Blood is one of the important fluids that circulates through various body compartments, distributing oxygen and nutrition and removing waste. It travels through blood vessels (arteries and veins) across the entire body, called blood vessels. Ruptured vessels cause blood to leak out and clots form to seal up the tear where possible. This protective mechanism is known as blood clotting or coagulation. Blood clotting is an inherent property, in which liquid blood coagulates into solid and prevents excessive blood loss in cases of injury. This is achieved by inactivated chemicals circulating the blood known as clotting factors.
Hemophilia commonly refers to a group of bleeding diseases, in which the clotting ability of the blood is lost. Most common forms of hemophilia are inherited but they can also be acquired. The condition usually starts from birth and lasts for a lifetime when inherited. Hemophilia is a consequence of a lack of one or more clotting factors and associated substances. The danger lies in uncontrolled bleeding even from small cuts and wounds. Without proper medical attention, a person with hemophilia (hemophilic) can bleed to death.
Children of Hemophilics
Hemophilia is a range of X-linked recessive disorders, which usually affects males and is carried in the family by females. It is called the “royal disease” as Queen Victoria was a hemophilia carrier, who passed her genes to several royal families through her son and granddaughters. A woman having hemophilia gene, who has normal husband, will transmit the disease to fifty percent of their children, either girl or boy. A hemophiliac man having a normal wife will have all diseased daughters but normal sons. Therefore, hemophilia is inherited in a criss-cross manner, where a woman transmits her genes to granddaughters through her son.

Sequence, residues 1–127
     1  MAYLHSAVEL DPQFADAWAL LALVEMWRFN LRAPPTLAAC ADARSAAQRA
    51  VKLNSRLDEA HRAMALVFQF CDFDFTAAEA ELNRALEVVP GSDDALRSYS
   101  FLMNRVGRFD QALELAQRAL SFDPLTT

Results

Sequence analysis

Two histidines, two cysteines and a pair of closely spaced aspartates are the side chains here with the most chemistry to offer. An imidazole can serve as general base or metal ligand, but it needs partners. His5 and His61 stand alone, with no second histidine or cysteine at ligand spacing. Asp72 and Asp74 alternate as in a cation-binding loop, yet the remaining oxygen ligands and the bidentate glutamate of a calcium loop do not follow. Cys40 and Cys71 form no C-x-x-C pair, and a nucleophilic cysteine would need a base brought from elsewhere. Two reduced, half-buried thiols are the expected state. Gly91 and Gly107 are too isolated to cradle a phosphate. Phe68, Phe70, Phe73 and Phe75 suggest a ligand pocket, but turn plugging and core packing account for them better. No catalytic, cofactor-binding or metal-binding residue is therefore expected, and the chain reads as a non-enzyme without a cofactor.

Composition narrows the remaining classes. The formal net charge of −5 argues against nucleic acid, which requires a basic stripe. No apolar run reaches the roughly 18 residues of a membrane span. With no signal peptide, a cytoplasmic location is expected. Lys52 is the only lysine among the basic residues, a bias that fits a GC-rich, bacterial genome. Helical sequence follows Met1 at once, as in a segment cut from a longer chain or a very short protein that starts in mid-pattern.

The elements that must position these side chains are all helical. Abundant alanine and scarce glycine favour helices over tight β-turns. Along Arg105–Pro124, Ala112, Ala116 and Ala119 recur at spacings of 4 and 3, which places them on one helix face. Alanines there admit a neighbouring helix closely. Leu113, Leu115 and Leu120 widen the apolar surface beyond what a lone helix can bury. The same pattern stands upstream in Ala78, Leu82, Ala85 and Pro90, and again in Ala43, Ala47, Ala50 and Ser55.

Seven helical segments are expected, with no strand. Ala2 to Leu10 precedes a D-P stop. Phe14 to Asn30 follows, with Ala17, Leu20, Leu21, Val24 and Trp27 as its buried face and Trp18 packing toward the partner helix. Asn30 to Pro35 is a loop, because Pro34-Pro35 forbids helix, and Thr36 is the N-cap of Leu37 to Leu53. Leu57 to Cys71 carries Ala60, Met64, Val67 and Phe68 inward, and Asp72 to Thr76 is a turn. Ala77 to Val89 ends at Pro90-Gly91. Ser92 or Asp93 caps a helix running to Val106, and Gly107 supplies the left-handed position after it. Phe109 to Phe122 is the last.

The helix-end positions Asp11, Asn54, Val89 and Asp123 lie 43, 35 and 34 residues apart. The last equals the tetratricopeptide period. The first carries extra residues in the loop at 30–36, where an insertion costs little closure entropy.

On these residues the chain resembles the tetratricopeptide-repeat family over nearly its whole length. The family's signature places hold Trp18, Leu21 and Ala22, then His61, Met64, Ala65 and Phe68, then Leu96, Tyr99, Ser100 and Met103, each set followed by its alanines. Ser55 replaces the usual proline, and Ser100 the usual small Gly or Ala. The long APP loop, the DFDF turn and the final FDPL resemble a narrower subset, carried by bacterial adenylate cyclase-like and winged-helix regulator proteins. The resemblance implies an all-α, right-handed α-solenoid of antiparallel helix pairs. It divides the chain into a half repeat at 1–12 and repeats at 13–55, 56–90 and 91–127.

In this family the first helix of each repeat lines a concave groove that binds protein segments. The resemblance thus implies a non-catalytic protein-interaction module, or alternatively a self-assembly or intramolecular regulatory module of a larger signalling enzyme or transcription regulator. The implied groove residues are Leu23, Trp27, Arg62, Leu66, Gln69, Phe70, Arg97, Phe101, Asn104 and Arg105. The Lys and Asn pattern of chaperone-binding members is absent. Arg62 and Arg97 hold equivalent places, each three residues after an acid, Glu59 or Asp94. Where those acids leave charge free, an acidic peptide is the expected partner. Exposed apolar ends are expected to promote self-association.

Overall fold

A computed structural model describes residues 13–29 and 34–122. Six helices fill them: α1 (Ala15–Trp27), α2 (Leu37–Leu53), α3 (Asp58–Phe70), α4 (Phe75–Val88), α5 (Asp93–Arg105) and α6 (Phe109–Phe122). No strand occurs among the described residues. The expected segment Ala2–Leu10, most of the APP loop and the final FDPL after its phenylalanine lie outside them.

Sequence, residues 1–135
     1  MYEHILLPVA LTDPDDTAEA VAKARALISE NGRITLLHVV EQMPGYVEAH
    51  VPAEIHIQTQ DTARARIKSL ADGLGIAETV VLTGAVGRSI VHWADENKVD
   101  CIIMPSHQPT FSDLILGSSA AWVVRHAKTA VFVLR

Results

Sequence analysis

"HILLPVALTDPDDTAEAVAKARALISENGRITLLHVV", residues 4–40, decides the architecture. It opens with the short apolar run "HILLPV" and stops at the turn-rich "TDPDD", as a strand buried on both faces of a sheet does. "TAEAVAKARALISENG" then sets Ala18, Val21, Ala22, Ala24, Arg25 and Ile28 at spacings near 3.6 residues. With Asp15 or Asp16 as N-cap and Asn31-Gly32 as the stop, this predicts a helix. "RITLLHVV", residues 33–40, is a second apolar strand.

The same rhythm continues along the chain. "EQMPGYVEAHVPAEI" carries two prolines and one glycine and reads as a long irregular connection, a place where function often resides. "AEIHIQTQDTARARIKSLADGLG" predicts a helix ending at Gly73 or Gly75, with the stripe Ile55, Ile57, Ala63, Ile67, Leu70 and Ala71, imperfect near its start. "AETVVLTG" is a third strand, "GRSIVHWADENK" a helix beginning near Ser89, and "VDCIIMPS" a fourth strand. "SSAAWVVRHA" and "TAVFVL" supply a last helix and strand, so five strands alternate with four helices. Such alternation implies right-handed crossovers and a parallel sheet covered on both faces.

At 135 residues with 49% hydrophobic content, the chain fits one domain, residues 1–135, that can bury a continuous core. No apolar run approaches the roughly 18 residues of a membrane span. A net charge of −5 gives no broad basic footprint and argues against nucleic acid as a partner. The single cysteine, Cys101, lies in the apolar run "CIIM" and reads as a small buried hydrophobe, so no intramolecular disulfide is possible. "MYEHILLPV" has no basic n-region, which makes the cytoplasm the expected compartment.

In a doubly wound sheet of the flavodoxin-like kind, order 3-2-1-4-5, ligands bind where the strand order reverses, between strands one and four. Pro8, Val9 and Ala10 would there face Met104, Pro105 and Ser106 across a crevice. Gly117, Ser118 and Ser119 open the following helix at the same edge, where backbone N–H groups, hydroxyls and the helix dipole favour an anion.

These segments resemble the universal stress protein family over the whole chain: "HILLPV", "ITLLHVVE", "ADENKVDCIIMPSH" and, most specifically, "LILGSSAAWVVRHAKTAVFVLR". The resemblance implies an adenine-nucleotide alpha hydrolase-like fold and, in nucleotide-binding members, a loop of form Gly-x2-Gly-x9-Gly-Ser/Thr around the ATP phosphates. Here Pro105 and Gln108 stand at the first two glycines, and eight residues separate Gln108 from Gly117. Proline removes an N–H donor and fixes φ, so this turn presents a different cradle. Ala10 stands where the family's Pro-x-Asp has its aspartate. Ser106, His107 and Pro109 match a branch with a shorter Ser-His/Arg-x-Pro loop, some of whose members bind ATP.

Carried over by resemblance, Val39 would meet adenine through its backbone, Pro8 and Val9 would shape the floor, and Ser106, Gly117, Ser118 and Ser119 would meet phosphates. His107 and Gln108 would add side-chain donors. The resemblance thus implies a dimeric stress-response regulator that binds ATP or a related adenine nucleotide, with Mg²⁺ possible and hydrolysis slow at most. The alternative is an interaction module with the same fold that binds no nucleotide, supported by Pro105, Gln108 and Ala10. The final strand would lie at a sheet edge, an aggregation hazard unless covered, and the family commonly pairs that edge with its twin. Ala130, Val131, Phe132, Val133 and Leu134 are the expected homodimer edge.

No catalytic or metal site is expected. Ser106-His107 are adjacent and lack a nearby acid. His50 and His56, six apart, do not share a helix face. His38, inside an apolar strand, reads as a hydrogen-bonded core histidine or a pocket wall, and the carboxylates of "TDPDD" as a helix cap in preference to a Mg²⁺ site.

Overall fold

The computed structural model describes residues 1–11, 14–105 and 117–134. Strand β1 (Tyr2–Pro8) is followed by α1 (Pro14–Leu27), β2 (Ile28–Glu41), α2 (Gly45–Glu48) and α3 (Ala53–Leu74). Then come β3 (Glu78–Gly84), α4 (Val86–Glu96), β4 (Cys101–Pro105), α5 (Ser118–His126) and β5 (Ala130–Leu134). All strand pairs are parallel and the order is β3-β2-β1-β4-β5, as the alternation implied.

Lack of clotting factors VIII and IX prevents blood coagulation, causing incessant bleeding. Fault with one or more genes that produce fewer amounts of clotting proteins, constitute the major reason behind hemophilia. Based on the prevalence and clotting factors involved, hemophilia is mainly classified into two main types – hemophilia A and B.
- Hemophilia A occurs due to the absence or scarcity of clotting factor VIII. The majority of hemophilics suffer from this class of hemophilia.
- Hemophilia B occurs because of a reduced quantity or lack of clotting factor IX.
Depending on the available amounts of clotting protein, the conditions could vary from severe to mild.
- Hemophilia C occurs due to the lack of clotting factor XI. Symptoms range from moderate to mild. It is not X-linked and therefore cannot be transmitted to next generation through either parent.
In some rare exceptional cases, patients with less than optimum amounts of factor X also precipitate similar diseased conditions. Some hemophilia patients have defective gene coding for enzyme, thrombin that catalyzes the formation of clotting protein, fibrin, from its precursor fibrinogen. Although most forms of hemophilia are inherited, in acquired forms, body starts producing destructive proteins (antibodies) against clotting factors that prevents normal blood clotting.